The Floor Scrapers (1875) by Gustave Caillebotte
Interpretation of Urban Genre Painting

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The Floor Scrapers
By Gustave Caillebotte.
Regarded as one of the
greatest genre paintings of
the nineteenth century.

The Floor Scrapers (1875)
Also known as 'The Floor Planers' or 'The Parquet Planers'


Analysis of The Floor Scrapers
Explanation of Other Genre Paintings


Name: The Floor Scrapers (Parquet Planers) (1875)
French: Les raboteurs de parquet
Artist: Gustave Caillebotte (1848-94)
Medium: Oil painting on canvas
Type: Genre painting
Movement: Impressionism
Location: Musee d'Orsay, Paris

For an interpretation of other pictures from the 19th and 20th centuries, see: Analysis of Modern Paintings (1800-2000).


The classically trained painter Gustave Caillebotte came from a very wealthy Parisian family and was initially best known not for his modern art but for the financial generosity he showed towards other Impressionist painters, by buying their paintings or gifting them money. Since the mid-20th century however, his own painting has been re-evaluated and he is now regarded by art critics as a painter of significant, if somewhat uneven, achievement. Among his greatest modern paintings are Young Man at His Window (1875), The Floor Scrapers (1875), and Paris Street; Rainy Day (1877). Caillebotte's unique contribution to modern French painting is his ability to combine the precise drawing, modelling and tonal values recommended by the instructors of the French Academy, with the bright colours, unusual perspectives, and modern subject matter of the emerging Impressionist movement. In addition, he purchased a substantial number of Impressionist paintings, which itself represented a vitally important contribution to the movement. For more background, see: Realism to Impressionism (c.1830-1900).

NOTE: For the full story behind French Impressionism and the avant-garde group of painters who were involved in its creation, see our 10-part series, beginning: Impressionism: Origins, Influences.

Analysis of The Floor Scrapers by Caillebotte

The Floor Scrapers (also known as The Parquet Planers or Floor Planers) is an early depiction of the urban working class at work. Until now, nearly all pictures of men and women at work were country scenes of farm workers and peasants, such as The Gleaners (1857), and Man with a Hoe (1862) by Millet and The Stone Breakers (1849–50) by Gustave Courbet. Only Honore Daumier in paintings like The Third-Class Carriage (1862-4) came close to representing the urban proletariat, although this would soon change: see, for instance, Impressionist paintings like The Road-Menders in the Rue de Berne (1878) by Manet, and Women Ironing (1884) by Degas.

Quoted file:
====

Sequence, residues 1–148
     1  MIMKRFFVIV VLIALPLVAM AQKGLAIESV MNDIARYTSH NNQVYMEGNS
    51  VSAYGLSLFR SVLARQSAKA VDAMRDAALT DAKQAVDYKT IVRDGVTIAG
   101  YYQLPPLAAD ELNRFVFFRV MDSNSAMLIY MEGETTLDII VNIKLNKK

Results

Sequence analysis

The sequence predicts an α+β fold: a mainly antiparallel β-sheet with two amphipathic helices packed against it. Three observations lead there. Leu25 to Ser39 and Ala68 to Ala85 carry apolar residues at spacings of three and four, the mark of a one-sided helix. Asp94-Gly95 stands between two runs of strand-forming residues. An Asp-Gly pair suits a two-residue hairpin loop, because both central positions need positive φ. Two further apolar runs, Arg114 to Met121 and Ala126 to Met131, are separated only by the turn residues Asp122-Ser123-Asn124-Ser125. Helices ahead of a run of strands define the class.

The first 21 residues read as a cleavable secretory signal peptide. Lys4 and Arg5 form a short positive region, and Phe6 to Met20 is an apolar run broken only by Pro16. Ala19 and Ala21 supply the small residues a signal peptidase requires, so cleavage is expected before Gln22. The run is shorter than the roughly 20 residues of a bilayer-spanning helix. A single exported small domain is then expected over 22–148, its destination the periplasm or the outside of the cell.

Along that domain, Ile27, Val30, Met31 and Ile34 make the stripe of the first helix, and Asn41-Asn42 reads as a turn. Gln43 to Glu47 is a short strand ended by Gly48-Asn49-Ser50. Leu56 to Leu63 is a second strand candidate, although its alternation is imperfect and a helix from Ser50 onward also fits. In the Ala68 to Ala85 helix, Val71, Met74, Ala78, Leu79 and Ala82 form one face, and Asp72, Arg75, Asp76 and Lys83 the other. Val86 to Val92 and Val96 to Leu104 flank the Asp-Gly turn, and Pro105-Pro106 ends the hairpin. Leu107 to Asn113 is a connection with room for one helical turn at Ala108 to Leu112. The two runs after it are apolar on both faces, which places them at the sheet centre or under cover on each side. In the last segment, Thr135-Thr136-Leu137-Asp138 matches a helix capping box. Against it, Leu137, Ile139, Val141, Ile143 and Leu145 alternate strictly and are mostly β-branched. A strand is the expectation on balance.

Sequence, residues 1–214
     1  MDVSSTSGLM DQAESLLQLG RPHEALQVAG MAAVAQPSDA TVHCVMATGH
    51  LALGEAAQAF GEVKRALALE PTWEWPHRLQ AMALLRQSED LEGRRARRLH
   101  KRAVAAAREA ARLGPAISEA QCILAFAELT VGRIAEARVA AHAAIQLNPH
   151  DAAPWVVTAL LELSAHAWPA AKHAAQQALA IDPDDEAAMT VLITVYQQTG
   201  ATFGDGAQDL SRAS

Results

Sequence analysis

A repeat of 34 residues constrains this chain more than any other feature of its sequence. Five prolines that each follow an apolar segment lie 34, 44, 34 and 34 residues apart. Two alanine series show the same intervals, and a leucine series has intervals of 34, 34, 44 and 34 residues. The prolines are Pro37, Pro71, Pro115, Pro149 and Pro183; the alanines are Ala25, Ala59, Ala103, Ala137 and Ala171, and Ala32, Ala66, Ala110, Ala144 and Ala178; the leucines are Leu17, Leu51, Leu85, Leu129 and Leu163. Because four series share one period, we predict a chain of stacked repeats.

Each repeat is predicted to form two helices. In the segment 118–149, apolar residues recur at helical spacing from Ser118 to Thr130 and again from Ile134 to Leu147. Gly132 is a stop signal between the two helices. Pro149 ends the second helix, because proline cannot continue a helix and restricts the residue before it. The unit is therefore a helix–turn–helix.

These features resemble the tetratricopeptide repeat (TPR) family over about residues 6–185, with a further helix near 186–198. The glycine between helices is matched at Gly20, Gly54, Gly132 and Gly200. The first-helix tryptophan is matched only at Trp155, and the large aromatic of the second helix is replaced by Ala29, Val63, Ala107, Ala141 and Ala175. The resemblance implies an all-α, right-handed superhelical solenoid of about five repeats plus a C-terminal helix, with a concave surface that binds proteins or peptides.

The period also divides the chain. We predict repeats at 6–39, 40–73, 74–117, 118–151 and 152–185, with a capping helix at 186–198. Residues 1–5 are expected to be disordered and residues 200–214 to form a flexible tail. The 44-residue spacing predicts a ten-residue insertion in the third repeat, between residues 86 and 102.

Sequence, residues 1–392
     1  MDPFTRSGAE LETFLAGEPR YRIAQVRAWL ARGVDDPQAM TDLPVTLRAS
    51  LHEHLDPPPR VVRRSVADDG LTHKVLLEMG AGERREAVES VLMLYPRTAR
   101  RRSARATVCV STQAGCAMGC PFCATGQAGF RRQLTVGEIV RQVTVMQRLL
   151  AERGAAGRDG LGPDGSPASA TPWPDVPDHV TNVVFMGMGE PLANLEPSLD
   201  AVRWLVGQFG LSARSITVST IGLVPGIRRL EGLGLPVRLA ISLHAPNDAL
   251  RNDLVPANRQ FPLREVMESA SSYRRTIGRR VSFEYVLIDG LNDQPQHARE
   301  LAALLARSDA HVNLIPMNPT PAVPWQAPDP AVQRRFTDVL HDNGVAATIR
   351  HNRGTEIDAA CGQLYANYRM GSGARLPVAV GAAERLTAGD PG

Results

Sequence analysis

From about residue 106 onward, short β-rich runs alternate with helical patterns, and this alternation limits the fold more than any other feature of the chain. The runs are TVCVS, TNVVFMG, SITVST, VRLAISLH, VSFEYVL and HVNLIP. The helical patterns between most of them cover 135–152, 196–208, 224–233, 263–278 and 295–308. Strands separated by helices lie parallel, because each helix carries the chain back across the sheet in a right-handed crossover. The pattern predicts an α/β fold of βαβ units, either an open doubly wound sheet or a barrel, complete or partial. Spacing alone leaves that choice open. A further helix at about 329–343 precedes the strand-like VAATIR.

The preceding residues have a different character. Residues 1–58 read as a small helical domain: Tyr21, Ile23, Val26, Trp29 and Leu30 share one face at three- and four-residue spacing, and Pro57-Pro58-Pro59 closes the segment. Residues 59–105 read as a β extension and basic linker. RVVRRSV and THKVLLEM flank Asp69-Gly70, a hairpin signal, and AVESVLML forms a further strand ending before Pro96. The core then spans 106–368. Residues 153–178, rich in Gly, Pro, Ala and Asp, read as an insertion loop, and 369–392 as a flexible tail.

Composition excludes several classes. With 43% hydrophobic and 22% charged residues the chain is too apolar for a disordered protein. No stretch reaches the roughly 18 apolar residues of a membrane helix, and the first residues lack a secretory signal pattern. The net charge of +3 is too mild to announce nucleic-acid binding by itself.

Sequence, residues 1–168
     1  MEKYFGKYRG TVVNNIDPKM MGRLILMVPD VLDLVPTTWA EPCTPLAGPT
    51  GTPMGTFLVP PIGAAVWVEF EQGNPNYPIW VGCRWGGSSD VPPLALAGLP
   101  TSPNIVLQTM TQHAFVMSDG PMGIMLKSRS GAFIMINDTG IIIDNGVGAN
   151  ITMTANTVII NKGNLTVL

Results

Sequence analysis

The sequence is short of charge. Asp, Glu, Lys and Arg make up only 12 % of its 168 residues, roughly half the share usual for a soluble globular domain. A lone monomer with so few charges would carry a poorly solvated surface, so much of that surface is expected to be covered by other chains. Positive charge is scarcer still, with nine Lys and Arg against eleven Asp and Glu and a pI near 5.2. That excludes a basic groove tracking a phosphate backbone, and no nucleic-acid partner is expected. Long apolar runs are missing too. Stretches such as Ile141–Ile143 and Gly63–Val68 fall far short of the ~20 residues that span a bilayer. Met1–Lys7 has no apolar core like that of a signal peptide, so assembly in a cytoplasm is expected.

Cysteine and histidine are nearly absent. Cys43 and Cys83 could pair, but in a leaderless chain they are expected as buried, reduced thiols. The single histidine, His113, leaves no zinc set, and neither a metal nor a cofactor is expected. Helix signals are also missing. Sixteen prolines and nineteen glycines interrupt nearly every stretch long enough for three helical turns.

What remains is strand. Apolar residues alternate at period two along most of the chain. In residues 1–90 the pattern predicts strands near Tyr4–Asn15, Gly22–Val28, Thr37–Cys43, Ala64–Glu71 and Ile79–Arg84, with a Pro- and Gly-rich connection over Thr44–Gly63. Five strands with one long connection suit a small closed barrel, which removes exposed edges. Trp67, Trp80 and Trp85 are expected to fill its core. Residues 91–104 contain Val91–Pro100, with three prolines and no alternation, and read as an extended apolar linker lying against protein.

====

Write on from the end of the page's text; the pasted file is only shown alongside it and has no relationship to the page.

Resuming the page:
The Floor Scrapers depicts three semi-nude floor-planers working on hands and knees, scraping a parquet floor in a Parisian apartment (thought to be Caillebotte's own studio at 77 rue de Miromesnil). Daylight enters the room from a window on the far wall. The painting includes images of several floor-scraping tools as well as an opened bottle of cheap wine. The diagonal alignment of the floorboards is offset by the rectangular panels on the far wall and by the curlicue motif of the iron window grill and the wood shavings that litter the floor.

Interestingly, Caillebotte adopts a wholly neutral approach and avoids the temptation to include any social or political message in his painting. His documentary-style composition, focusing on the actions and techniques of the floor-scrapers, their environment and their tools and accessories, makes it a masterpiece of realist painting and justifies his reputation as one of the great realist artists of the 19th century.

The perspective used by Caillebotte, enhanced both by the high angle adopted as well as the direction of the floorboards, is perfectly in keeping with academic traditions, as is the overall drawing, as well as the modelling and positioning of the nude torsos of the workers.

Despite this, the painting was rejected at the 1875 Salon because of its 'vulgar' realism, prompting Caillebotte to throw his lot in with the new Impressionist group. The following year, he re-exhibited The Floor-Scrapers at the second of the Impressionist Exhibitions in 1876, alongside the first of Degas' pictures of washerwomen ironing. Caillebotte also showed a second, different version of The Floor-Scrapers, as well as his masterpiece Young Man at His Window (1875, Private Collection).

Explanation of Other Genre Paintings

A Burial at Ornans (1850) by Gustave Courbet.
Musee d'Orsay, Paris.

Race Horses in front of the Stands (1866-8) by Degas.
Musee d'Orsay.

The Balcony (1868) by Manet.
Musee d'Orsay.

Bazille's Studio (1870) by Frederic Bazille.
Musee d'Orsay.

The Cradle (1873) by Berthe Morisot.
Musee d'Orsay.

Dance at Le Moulin de la Galette (1876) by Renoir.
Musee d'Orsay.

The Swing (1876) by Renoir.
Musee d'Orsay.

Women Ironing (1884) by Degas.
Musee d'Orsay.


• For analysis of other Impressionist genre paintings, see: Homepage.

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